So what can be done?

I’m not sure. It’s certainly above my pay grade to make decisions for the church as a whole. But I can brainstorm a few ideas:

  • Change the way “worthiness interviews” are run. This would protect both the bishops and the members. I understand that worthiness comes into play a lot in the church. It’s ascertained before you can be baptized, before you can go to the temple, before you can hold a calling. There are plenty of worthiness interviews. Could the ones for women be performed by women? Could Relief Society Presidents be charged with that, perhaps? I know a lot of this is deeply embedded in church culture, but I think sometimes things everyone takes for granted as unchangeable are actually very easily changed. It’s already awkward enough talking about worthiness with someone of my own gender. I would imagine it would be much, much more difficult talking about it with a woman, and for a woman to have to talk about it with a man who might or might not have the tact necessary to deal with all situations well? There’s a real dynamic of power there that’s way too easy to be abused. Changing it to women interviewing women takes much of that power imbalance away. For a mission president, what if his wife were to conduct worthiness interviews of Sisters?
  • Could all interviews at least be conducted in a room with a window? How about if the door has to be ajar, and someone else has to be present, out of earshot, but within a reasonable distance? (Though that only takes away the chance sexual assault to happen right then. It does nothing for grooming people for later abuse, which seems the much more likely outcome at the moment.)
  • Having interviews involve two men instead of just one takes away the potential for grooming, but makes the power imbalance in genders even worse. Yuck.

Hopefully there are even more ideas I’m just not thinking of at the moment. I would really like to see changes happen. Am I going to campaign for it? Not actively, beyond blog posts like this. I realize that’s not how the church works. But I do believe change happens, and I do believe God sometimes has to wait for us to get with the program enough to let that change occur. That’s kind of the basis for the entire story of the restoration.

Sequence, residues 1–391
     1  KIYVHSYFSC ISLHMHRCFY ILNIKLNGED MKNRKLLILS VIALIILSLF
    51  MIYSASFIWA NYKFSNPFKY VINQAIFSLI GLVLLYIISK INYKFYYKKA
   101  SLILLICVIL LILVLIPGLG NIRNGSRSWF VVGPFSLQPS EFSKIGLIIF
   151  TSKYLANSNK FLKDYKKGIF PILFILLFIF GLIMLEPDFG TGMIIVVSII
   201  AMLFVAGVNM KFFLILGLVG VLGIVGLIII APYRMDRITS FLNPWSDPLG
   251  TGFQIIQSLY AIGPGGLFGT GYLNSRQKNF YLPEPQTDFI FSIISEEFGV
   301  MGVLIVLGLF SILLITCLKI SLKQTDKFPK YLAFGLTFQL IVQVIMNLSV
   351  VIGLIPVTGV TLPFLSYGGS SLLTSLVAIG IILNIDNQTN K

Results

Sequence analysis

Sitting back and assuming God will fix it all or prevent anything bad from happening is antithetical to the whole foundation of this religion. I would love to see church leaders take an active role in making it harder for predators to function within the church. Simply making speeches about how evil harassment and abuse are doesn’t really cut it. At least, it hasn’t cut it yet.

So what else can be done?


  • By Megan, March 24, 2018 @ 3:51 pm

    In the Scouting program, all leaders have to do a short Youth Protection. The kids themselves have their own training, too, about what to do in bad situations. In the church (outside of scouting), I feel like we don’t even want to admit that abuse can happen — that people will prey on the trusting nature of such a community. It doesn’t fix everything, but I feel like it would be very wise to run background checks on anyone called to work with youth/children, and require some kind of Youth Protection training like what’s required in scouting. I feel like having regular conversations about protecting people would make it easier to talk about, that it would help people spot signs of abuse, and that it would give people tools to react and seek help quickly.

  • By Bryce Moore, March 26, 2018 @ 11:37 am

    Good points, Megan. I agree that the church needs to start recognizing the potential for abuse and then take actions to try to prevent it. Anything is better than nothing. It’ll be interesting to see what actually comes of it.